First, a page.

Tag Archives: the wild kitchen

Wild Boar Video

Check out this short video from our last dinner.

Wild Boar Dinner


Last night was fun.  We fed 40 people, ate wild boar, got to throw a dinner in a posh Van Ness victorian, and no wine was spilled on the persian rugs….all good.  My friend and guest chef Ellen (Radical Radish), cooked up a really amazing ragu of wild boar and Heirloom tomatoes.  I love eating wild meat.  As I begin to think more about the meat I eat. Where it comes from, what effect it’s having on me/the planet/the animal, I get more excited about wild game. The boar we ate last night was fed on the wild mushrooms and fresh acorns.

It lived a full life, and then it died, as all animals do.  When I eat wild game, I feel more connected with the place I live, and the animal I’m eating.  Instead of trying to block out the thoughts of the animals life, I relish in these thoughts.  I think of them walking through the forest, sniffing out chanterelles, laying in the sun. I realize this is romanticizing the issue, but for me, it really does feel better. Below is the menu from last night.  If you want to check out pictures from the dinner, go to http://tiny.cc/nCYAc, password : radish If you want to get on the list to be notified about the next one, email wildkitchen@gmail.com.

Amuse Bouche


Nectar Filled Passion Vine Flowers


Wild Nettle Fritters


Foraged Citrus Spike Creme Fraiche


Marin Roots Arugula and Sweet Corn


Local Albacore Tuna Crudo


Red Onions, Balsamic


Fried Bolinas Sea Beans


Wild Boar and Heirloom Tomato Ragu


Fresh Chili, Spinach, and Egg Pasta


Marin Roots Summer Squash Soup


Wild Fennel Pollan


Foraged Blueberry and Cornmeal Gallete


Frozen Hand Whipped Rose-Geranium Whipped Cream


Stilton blue and little gem salad with sauteed wild radish seed pods

Wild Radish seed pods are everywhere this time of year. When you look out over a meadow of purple/white/yellow flowers, you’re probably looking at wild radish.  The yellow flowers you see are actually wild mustard, but the interbreeding is so intense in the wild that its almost impossible to tell them apart ( and doesn’t really matter anyway).  I foraged the seed pods for mt last dinner in/around SF.  Wild radish is one of the most relaxing things to forage, mainly because there is so much of it.  Instead of scouring the leaf cover for that orange glint of the Chanterelle, you just pick.  Its all right in front of you, which gives your mind time to wander and wonder.  The best ideas are hatched wild radish picking.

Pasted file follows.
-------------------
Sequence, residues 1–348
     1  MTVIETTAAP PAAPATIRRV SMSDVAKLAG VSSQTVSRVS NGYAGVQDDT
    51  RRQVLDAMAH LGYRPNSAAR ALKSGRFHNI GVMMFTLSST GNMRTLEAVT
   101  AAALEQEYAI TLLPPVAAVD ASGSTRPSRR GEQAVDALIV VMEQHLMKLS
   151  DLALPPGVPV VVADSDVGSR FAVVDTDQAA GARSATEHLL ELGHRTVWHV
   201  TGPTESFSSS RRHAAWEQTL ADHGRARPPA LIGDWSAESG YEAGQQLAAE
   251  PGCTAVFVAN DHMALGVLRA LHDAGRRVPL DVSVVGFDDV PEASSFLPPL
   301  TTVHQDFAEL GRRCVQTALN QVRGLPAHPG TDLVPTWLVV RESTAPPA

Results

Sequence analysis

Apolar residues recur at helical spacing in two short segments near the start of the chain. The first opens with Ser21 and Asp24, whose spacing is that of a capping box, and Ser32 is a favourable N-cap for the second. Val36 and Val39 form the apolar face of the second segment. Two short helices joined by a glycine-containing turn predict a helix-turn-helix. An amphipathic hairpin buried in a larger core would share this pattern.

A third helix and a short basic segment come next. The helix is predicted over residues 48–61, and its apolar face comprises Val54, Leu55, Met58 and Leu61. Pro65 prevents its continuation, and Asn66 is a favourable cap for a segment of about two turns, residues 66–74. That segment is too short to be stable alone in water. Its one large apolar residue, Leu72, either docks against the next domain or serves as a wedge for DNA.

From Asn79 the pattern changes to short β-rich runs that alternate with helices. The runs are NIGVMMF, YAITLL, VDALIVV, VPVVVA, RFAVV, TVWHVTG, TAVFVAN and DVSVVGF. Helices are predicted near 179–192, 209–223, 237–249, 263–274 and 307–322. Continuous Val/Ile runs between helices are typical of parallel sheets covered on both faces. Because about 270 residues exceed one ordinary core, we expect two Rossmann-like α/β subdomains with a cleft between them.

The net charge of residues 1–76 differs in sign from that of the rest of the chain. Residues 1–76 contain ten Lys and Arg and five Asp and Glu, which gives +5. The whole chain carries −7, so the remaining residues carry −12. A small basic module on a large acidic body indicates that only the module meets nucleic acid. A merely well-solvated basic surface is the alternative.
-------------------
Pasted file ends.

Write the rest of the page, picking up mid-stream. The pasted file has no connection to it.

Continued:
The winter/spring gives us the leaves (which are a great cooked green) and the flowers.  As the weather starts to heat up the leaves fall off and we get the seed pods. At their peak, they have a great radishy bite, but with a lot more texture than the flowers, which are also edible. I think this will be the last meal for seed pods this year. As the summer progresses, the pods start to solidify and dry out, as the seeds get ready to drop.  The result is that no matter how hard you blanch or sauté them, they are going to be very tough.  Luckily I caught them at the tail end, and they were still nice and tender.  This is a really nice salad, with the tart vinegar of the blue cheese dressing set off against the spice of the seed pods and Nastertiums. Looks great too, all green, white, red…nice dish.

The Recipe: Serves 4

4-6 heads little gem greens (marin roots has the best, but not cheap)

8 Nastertium flowers

2.5 oz  Stilton Blue Cheese (about 3 Tbsp)

1 Cup wild radish seed pods

6 Tbsp cider vinegar

2 Tbsp heavy cream

1/4 Cup extra virgin olive oil

1 tsp sugar

Dressing: Add vinegar and cream, then whisk together with some salt and pepper. Whisk in the sugar until it dissolves, and then whisk in half of the cheese. Gradually whisk in the olive oil. Add seasoning to taste

Seed Pods: Heat 2 Tbsp butter over med/high heat. Saute radish seed pods until tender (about 4 minutes), add salt and pepper to taste.

Wash and dry the Little Gems.  Cut off the end, and, using your hands, toss in mixing bowl with 2 Tbsp dressing and 1/4 C seed pods.  Arrange on plate, with 2 nastertium flowers. Crumble remaining cheese on top.

That’s it! Unfortunatly I didn’t get any good pictures of this salad from the dinner, but if you make it, be sure to send me a photo, Ill put it on my site.